How To Deal with Confrontational Issues

Think about it. How many people, including you, avoid confrontation? Why do people avoid  situations where they differ with another person? There are a variety of reasons (really excuses).

     You may feel insecure or intimidated by certain people when they confront you or you disagree with them. It may make you uneasy to see other people emotionally upset; crying or raising their voice. But differences and confrontations are a part of life and business. Here are some principles and suggestions on how to approach confrontational issues and how to respond to emotionally charged situations.


     Anger is not bad, it’s what you do with it that is right or wrong. Anger just means that you are not happy with a situation. In your opinion, there is something that is not right, and it needs to be addressed. There are two negative reactions stemming from anger that shut down the communication and thus hinder a resolution to the problem; Blowing Up and Clamming Up. When people “vent” and yell and raise their voice, it shuts down the communication. No one listens to a hot head, and no one likes to be yelled at or criticized. There is another response to anger that cuts off the communication as well – clamming up. When a person sulks, or holds grudges, or just refuses to talk, then the problem does not get addressed as well. Both blowing up and clamming up cut off the communication. Instead, you need to speak your mind clearly, but with kindness and gentleness and in consideration of the other person’s feelings.


     Most people do not want an audience when discussing a controversial issue that has upset them. Go somewhere where you don’t have the distraction and concern of uninvolved parties.


     There is no good reason to respond to an upset person in like kind. It takes two people to argue and arguments don’t solve problems but instead drive people further apart. You need to calm down and be in control of your emotions before working on a problem. Thank them for bringing the situation to your attention. You can’t fix what you don’t know about. One of the best ways to diffuse anger from another person is to listen to them. Much anger and frustration stems from people feeling misunderstood, ignored, or not cared for. Seek first to understand, and only then to be understood. Get a complete understanding of the issue from the other person’s viewpoint, and then repeat that understanding back to them in your own words. Once you have restated their perspective in your own words, ask them if you have a correct understanding of their viewpoint. Continue in that manner until you have a clear understanding of their viewpoint that you can clearly state. Ask them to do the same, by listening to you and then restating what you have said in their own words.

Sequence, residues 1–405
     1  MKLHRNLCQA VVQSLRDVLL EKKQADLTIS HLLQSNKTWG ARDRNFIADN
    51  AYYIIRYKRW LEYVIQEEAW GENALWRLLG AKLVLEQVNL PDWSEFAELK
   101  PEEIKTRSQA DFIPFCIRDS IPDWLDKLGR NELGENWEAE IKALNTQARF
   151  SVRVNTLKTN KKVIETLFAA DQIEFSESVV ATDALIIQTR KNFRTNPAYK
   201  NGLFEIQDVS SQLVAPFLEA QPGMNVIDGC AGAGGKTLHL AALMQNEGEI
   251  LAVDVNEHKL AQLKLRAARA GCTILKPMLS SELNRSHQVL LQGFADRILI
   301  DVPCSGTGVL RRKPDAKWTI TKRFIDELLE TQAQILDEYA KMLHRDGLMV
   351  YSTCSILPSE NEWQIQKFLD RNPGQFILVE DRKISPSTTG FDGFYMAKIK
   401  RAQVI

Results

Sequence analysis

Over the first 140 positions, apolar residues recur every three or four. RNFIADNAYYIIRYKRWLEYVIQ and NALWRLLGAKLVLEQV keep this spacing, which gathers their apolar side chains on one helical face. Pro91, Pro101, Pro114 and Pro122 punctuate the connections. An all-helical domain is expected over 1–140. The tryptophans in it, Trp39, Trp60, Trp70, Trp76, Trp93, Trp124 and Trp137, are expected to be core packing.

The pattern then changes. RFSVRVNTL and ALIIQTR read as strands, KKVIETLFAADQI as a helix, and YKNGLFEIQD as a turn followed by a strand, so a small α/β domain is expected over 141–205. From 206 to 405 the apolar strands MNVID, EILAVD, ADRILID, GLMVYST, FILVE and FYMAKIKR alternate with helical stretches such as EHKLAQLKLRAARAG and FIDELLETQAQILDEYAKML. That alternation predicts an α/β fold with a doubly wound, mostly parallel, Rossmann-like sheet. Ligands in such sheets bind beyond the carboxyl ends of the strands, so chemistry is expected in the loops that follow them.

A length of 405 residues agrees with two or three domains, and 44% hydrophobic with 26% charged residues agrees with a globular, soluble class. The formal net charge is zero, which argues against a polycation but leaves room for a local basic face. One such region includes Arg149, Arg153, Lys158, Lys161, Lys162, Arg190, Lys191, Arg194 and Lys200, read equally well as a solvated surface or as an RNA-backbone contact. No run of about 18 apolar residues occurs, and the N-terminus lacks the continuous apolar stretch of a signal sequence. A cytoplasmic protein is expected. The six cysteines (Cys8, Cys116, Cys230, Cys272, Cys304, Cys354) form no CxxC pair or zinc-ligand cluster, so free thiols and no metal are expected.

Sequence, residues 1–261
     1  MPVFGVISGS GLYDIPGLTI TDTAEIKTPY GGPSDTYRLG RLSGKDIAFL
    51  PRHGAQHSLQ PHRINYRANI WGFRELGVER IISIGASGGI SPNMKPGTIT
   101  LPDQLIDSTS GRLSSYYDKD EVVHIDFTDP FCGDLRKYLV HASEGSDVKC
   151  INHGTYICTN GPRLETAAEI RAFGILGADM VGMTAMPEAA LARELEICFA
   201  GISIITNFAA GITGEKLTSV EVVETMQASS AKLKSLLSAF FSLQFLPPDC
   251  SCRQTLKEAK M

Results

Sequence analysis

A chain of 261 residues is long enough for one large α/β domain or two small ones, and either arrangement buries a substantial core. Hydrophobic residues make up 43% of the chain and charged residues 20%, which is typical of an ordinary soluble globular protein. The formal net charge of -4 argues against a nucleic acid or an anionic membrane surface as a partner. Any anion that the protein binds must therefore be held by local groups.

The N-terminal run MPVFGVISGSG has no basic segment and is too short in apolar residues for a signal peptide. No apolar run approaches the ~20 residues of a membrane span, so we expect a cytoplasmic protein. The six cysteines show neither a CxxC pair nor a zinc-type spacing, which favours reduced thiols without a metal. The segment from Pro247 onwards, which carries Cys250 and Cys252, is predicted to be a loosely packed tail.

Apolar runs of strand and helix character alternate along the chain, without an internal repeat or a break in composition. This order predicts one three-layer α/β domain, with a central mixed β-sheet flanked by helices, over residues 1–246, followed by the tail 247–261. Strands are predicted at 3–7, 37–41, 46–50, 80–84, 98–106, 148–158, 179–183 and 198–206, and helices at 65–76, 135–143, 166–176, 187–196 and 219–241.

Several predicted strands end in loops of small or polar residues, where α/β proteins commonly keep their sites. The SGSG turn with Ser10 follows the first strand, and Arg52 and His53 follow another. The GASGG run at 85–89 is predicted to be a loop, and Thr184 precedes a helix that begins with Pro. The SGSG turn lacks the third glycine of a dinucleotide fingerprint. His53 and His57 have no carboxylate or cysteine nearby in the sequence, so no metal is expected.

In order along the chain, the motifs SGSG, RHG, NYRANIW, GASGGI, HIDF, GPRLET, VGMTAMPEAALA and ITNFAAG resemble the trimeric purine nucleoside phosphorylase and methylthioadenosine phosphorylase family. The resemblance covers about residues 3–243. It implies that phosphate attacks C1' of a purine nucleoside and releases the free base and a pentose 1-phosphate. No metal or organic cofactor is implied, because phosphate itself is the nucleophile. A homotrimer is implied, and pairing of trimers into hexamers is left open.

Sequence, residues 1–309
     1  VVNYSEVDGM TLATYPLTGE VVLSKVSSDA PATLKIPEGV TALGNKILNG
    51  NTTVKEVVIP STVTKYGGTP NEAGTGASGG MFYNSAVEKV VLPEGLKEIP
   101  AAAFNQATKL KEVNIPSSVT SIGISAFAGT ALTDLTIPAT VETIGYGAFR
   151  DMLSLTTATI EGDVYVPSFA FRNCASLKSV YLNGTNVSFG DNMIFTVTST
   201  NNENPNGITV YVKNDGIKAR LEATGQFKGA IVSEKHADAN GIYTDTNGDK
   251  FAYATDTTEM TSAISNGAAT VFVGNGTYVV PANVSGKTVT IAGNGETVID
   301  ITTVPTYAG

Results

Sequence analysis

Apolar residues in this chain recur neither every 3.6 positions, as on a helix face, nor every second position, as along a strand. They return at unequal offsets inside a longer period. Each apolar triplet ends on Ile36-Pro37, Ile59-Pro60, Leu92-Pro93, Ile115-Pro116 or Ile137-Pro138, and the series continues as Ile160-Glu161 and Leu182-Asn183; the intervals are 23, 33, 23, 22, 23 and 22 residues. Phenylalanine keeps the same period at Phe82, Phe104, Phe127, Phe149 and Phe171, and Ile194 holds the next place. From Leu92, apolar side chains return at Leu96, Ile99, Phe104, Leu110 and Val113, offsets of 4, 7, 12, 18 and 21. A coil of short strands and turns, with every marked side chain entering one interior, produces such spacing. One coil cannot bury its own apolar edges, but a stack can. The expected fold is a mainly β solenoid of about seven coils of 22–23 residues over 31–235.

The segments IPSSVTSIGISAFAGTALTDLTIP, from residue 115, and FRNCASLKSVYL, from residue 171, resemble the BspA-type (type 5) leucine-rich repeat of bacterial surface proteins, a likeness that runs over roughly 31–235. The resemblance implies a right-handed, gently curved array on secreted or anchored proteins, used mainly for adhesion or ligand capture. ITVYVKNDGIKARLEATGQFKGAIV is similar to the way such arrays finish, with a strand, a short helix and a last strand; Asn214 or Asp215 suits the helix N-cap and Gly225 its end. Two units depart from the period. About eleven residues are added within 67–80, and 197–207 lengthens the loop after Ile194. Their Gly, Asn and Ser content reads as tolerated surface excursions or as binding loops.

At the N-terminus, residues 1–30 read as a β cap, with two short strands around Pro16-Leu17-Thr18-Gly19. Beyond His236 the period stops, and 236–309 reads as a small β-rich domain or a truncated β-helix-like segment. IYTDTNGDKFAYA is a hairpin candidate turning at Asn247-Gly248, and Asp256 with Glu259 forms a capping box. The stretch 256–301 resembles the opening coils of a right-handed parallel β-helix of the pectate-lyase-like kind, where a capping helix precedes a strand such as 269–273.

Once you have a clear understanding of the problem, look for areas of agreement before addressing the differences. Then you will have a basis to find solutions and resolutions where you differ. Often, just listening and understanding each other will resolve issues. Invite the other party to help you find a superior solution. Look for win/win resolutions. Find out clearly what the other person is wanting in the situation, and what would satisfy them. Also clearly state what you want, then work together to find a mutually satisfactory solution. There are always many ways to solve a problem. Innovate. Be creative. Think outside the box. If necessary, find an outside mediator that you both trust to facilitate the communication and a solution.

-Dave Beam

Dave Beam has been helping businesses for the last 25 years.  He is owner and operator of a successful ActionCOACH Business Coaching franchise, and has a passion to assist business leaders create amazing outcomes.  He has coached over 300 businesses and corporations over the last thirteen years.

You can learn more about Coach Dave Beam on his website:

Author: Jeff Fannin